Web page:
Traders sailed from these cities in ships called dhows. They carried cargoes of iron goods to China and India and returned with cotton cloth, porcelain and copper. Farther south, Zimbabwe was also an important trading power.
Timbuktu in Mali had an important Muslim university at least 600 years ago. Students from as far away as Europe went there to study astronomy, literature, mathematics,
The Great Zimbabwe was built in the 1300s. Although today it is in ruins, it was once the residence of a powerful ruler.
THE ATLANTIC SLAVE TRADE
A small trade in slaves began as well. At that time, slavery was common around the world. Slaves were usually criminals or prisoners of war and could be of any race. In Africa, enslaved people were used as workers in salt mines and as porters on trade caravans. But according to law, these African slaves could purchase their freedom after some years.
During the Atlantic slave trade, some British slaving ships were built in Newfoundland, although enslaved Black people, were never brought directly to Britain's northern colonies.
In 1498, Vasco da Gama, an explorer from Portugal, became the first European to sail around Africa. With great excitement, he discovered some of Africa's wealthy cities. After his voyage, trade between Africa and Europe increased rapidly. Portugal, Britain and other countries wanted to trade for African gold, silk and ivory.
Plantations of the New World
In 1492, Christopher Columbus sailed across the Atlantic Ocean from Spain and landed on a Caribbean island. He thought he had reached the Far East. Instead, his search for gold and spices had led him to discover a "New World." Of course, it wasn't a new world to the Native peoples who lived there.
Enslaved Black people are shipped from Africa to New World colonies in the Caribbean and the Americas.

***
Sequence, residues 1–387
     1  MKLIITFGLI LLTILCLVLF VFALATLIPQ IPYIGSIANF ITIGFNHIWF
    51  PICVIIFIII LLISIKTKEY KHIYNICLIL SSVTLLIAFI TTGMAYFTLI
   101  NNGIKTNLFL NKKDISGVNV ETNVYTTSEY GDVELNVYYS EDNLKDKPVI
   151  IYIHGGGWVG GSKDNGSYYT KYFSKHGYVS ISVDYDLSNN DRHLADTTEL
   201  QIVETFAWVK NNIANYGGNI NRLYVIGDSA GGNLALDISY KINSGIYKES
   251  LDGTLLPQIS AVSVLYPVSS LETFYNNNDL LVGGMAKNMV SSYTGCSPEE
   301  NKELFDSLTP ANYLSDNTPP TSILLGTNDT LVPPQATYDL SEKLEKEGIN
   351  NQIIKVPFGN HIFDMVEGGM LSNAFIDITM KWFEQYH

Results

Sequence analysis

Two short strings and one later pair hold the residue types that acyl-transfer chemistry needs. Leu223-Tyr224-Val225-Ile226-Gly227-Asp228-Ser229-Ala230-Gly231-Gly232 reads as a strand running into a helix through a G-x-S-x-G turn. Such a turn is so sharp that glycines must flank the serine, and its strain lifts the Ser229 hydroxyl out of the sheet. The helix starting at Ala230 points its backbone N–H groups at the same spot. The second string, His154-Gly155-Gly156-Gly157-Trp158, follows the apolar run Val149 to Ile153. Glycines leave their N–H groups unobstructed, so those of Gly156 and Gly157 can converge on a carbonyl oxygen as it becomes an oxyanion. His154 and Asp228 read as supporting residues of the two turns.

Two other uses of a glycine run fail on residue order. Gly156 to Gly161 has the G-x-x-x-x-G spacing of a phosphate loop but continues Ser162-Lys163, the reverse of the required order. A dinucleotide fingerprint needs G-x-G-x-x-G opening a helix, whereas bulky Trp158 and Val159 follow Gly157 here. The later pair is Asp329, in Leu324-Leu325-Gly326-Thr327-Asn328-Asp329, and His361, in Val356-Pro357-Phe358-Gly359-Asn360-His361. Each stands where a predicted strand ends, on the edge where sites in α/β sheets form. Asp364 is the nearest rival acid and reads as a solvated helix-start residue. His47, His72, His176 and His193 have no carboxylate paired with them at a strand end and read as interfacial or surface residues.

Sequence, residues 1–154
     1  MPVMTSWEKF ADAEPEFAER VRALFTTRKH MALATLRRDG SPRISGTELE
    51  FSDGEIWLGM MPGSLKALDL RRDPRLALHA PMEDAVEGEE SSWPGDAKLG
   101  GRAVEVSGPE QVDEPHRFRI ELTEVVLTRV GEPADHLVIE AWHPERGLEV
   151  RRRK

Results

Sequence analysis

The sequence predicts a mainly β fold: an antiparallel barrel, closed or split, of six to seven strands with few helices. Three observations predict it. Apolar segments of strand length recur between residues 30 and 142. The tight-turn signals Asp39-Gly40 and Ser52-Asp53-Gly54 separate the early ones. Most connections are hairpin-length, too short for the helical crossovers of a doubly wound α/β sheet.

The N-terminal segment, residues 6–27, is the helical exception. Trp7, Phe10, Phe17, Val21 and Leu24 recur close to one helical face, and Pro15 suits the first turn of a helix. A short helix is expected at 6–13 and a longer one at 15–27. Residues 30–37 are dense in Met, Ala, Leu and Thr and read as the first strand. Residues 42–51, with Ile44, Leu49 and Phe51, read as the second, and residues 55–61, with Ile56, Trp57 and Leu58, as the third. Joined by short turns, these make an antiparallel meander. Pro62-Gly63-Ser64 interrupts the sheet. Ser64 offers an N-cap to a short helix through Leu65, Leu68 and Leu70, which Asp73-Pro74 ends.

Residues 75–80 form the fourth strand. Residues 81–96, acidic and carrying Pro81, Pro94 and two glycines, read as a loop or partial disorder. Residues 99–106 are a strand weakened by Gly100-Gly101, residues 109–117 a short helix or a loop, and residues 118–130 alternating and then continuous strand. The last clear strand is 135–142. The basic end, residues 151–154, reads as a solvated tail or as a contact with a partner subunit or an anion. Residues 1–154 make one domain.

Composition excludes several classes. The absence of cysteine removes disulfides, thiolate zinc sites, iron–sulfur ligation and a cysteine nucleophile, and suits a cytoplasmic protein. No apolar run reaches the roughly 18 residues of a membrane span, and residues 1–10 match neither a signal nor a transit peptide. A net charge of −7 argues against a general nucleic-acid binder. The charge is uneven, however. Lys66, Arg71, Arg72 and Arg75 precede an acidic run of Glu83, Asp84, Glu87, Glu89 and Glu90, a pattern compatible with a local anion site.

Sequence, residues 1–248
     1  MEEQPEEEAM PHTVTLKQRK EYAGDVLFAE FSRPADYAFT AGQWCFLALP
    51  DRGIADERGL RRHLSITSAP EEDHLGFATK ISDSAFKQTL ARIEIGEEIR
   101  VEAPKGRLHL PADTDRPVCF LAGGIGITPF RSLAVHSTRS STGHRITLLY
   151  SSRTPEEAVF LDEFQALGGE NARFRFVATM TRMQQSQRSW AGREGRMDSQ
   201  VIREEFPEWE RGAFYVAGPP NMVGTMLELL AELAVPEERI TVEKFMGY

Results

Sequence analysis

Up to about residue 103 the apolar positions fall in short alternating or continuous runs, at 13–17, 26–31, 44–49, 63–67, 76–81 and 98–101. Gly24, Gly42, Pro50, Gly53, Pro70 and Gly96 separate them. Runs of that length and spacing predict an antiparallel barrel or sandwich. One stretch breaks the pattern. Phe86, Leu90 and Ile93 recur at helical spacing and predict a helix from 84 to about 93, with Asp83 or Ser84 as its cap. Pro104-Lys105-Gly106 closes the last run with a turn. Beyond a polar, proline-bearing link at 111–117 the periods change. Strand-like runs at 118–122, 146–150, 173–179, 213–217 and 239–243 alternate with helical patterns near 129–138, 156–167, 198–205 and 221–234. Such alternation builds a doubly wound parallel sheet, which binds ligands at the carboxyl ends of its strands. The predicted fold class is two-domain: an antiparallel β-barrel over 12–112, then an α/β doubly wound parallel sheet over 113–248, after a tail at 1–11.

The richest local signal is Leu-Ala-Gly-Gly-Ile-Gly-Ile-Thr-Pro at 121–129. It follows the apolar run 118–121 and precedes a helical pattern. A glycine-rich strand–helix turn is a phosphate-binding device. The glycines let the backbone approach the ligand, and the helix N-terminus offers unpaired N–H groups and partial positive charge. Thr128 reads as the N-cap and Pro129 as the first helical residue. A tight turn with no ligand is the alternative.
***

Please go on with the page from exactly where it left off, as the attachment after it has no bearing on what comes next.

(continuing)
Products such as sugar and gold are sent from the colonies back to Europe.
Manufactured goods such as guns and cotton cloth are sent to Africa in trade for the slaves.
The tropical climate of the islands gave the Spanish an idea. In order to profit from Columbus's "mistake," they set up huge farms, called plantations, to grow sugar cane there. These plantations needed many workers, so the Spanish owners forced the Native people to work as slaves. But many of the slaves fled or died from European diseases such as smallpox and measles.
By 1600, the Portuguese, British, French and Dutch also had plantations and mines in the Caribbean and the Americas. They all needed workers, and so they turned to the slave traders. In Africa, both Africans and Europeans rounded up men and women and marched them in chains to coastal cities. There they were crammed into ships and sent across the Atlantic Ocean. The Atlantic slave trade became a huge business.
The Slave Ships
Conditions on the slave ships were hideous. Before boarding, the captives were branded like cattle so that their purchasers could identify them on arrival. Once on board, they were packed in so closely they could barely move. Afraid of revolts, sailors guarded the slaves with guns. There were terrible shortages of drinking water and food during the voyage. Many enslaved people became sick and died.
THE CAPTIVES "...WERE ALL ENCLOSED UNDER GRATED HATCHWAYS BETWEEN DECKS. THE SPACE WAS SO LOW THAT THEY SAT BETWEEN EACH OTHERS' LEGS, AND STOWED SO CLOSE TOGETHER, THAT THERE WAS NO POSSIBILITY OF LYING DOWN, OR AT ALL CHANGING THEIR POSITIONS, BY NIGHT OR BY DAY."
—report from a British anti-slaving patrol in 1829
Effects of the Slave Trade